Since then, rents have become much more payments for accommodation in cities, but thanks to the same legal language, they are still called rents, and landlords are still unpopular.  Later in the 19th century, Henry George pointed out a comparable stroke of luck for urban landlords, who could also demand premium rents in cities benefiting from what we now call the economics of agglomeration, and his followers became a powerful new force in political Liberalism.

George’s arguments didn’t become mainstream because the supply of urban properties is not quite fixed as prime agricultural land – it is possible to densify urban development.  Instead, they were absorbed by the still Liberal precursors of neo-classical economics, such as Alfred Marshall, who took spatial economics seriously.  However, he also gave ‘rent’ a new economic, non legal meaning, as whatever income accrued to someone thanks to the ownership of an in demand asset in tight supply.  Rents paid to a landlord which reflect the costs of maintaining property and its depreciation may indeed be called rents, but they are not economic rent.  In areas of low housing demand, such rents will constitute most of actual rents.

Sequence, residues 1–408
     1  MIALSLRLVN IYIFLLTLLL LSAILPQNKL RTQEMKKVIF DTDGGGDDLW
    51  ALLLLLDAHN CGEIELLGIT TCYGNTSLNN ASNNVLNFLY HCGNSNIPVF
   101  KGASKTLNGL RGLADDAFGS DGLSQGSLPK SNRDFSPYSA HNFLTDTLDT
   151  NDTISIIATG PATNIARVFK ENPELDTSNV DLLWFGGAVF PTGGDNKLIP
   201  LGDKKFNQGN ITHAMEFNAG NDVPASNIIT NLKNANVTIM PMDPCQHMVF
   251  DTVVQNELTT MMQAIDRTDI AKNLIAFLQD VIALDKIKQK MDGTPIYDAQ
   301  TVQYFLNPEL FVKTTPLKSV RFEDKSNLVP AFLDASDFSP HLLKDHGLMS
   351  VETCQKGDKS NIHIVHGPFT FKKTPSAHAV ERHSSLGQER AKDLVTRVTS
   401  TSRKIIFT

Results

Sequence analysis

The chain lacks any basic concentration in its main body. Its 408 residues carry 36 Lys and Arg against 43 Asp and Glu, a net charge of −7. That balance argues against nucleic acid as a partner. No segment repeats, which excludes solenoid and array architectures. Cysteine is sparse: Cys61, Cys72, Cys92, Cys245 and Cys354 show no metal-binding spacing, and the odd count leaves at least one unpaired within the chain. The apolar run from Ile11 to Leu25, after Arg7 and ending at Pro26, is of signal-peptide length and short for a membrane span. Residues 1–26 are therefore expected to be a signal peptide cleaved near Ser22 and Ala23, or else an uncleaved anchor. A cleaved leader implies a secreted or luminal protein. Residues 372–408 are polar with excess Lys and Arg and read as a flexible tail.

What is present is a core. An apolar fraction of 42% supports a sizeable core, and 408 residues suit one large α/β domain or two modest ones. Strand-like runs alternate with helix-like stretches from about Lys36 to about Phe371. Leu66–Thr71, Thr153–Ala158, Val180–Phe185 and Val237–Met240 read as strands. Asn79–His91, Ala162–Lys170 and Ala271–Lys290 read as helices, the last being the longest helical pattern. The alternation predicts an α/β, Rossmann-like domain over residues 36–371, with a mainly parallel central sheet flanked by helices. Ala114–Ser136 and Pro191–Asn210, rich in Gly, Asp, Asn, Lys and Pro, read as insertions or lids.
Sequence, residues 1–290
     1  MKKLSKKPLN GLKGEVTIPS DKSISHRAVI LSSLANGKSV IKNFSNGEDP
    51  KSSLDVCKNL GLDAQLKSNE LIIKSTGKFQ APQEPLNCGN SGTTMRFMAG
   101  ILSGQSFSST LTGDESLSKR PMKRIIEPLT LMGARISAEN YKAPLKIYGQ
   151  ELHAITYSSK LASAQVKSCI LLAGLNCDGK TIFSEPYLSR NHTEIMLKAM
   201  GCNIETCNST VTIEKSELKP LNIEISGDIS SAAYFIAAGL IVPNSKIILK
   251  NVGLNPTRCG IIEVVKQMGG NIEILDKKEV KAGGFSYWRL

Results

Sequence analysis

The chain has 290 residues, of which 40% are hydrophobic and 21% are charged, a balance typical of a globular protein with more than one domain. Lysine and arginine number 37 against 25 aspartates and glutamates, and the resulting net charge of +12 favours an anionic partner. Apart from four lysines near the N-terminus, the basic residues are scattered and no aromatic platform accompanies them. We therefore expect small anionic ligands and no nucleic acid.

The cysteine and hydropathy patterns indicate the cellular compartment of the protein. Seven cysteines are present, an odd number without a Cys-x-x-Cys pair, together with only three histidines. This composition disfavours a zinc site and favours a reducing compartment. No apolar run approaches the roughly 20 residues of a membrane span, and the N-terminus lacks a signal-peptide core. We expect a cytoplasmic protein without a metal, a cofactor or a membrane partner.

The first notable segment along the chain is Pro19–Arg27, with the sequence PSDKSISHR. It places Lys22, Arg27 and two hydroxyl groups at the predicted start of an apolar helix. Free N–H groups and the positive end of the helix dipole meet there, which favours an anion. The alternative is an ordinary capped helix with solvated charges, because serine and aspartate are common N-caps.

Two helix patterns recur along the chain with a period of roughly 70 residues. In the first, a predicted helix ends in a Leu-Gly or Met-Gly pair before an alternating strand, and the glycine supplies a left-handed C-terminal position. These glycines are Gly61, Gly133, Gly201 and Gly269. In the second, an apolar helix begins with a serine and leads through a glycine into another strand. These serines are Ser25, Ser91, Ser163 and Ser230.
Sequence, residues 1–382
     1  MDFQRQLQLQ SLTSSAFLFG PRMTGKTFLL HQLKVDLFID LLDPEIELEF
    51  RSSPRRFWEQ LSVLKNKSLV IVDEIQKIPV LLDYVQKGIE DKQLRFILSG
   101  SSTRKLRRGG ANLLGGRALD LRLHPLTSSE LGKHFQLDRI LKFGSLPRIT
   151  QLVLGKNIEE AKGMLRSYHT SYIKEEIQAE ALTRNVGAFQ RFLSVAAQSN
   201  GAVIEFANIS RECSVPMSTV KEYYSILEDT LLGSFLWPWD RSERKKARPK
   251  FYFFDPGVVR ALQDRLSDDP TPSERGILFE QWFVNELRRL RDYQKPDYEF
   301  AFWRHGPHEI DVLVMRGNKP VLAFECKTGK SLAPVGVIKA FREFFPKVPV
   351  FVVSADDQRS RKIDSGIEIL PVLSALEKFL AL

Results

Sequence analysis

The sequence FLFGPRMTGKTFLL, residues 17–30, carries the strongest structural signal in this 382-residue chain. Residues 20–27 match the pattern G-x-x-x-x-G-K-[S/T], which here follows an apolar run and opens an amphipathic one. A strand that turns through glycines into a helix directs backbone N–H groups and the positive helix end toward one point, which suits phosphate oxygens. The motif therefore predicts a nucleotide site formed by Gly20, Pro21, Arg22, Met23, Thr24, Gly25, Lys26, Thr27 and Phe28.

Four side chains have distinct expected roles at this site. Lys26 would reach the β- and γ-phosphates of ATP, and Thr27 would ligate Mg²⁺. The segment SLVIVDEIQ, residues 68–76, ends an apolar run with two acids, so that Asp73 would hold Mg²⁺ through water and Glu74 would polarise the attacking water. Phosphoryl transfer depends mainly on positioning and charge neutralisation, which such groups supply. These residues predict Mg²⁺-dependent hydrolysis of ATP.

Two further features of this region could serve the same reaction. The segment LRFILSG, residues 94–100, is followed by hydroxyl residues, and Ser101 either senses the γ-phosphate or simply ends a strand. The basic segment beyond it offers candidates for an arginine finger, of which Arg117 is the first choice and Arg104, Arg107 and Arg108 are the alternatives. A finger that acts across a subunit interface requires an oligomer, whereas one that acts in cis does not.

Since Marshall, economist have reasonably enough castigated ‘rent seeking behaviour’, of which there will be a fair share in housing, but the rent seekers may be as  much those looking to restrict supply as landlords.  There will be a big overlap between the sectors, especially among more speculative landlords in areas of high demand, but the sectors are not the same.